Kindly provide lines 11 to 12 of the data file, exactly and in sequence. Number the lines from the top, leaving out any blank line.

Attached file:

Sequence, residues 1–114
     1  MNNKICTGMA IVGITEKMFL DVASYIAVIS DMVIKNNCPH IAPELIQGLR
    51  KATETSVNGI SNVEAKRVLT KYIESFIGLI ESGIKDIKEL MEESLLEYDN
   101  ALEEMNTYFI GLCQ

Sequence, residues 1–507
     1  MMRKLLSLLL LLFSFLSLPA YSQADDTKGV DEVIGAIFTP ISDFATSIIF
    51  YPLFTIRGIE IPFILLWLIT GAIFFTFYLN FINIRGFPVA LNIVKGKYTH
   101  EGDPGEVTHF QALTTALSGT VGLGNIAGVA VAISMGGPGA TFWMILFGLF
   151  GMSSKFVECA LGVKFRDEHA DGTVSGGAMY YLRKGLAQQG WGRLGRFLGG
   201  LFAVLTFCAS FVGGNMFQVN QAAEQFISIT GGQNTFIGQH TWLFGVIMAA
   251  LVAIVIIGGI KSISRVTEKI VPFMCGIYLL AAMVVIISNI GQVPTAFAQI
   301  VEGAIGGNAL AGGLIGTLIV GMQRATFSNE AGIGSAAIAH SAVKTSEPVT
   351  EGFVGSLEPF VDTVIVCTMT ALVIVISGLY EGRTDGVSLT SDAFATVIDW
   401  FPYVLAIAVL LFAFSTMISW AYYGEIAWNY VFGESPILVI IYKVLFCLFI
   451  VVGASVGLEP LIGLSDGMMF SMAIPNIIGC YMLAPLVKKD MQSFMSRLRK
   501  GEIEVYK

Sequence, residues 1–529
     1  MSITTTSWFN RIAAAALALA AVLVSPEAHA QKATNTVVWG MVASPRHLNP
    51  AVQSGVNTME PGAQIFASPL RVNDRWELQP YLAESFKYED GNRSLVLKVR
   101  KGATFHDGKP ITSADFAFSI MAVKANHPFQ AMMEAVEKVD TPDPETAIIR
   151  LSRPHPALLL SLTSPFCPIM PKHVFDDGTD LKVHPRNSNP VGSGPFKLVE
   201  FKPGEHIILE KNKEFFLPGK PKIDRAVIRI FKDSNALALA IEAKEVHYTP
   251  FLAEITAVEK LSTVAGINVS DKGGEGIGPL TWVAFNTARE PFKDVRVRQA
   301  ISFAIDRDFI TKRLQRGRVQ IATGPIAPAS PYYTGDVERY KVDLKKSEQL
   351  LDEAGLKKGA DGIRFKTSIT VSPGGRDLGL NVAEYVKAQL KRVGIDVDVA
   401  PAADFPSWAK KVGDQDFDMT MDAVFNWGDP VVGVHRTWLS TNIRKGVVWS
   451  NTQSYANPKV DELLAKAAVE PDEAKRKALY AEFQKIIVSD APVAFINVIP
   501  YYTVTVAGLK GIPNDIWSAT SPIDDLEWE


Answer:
   251  LVAIVIIGGI KSISRVTEKI VPFMCGIYLL AAMVVIISNI GQVPTAFAQI
   301  VEGAIGGNAL AGGLIGTLIV GMQRATFSNE AGIGSAAIAH SAVKTSEPVT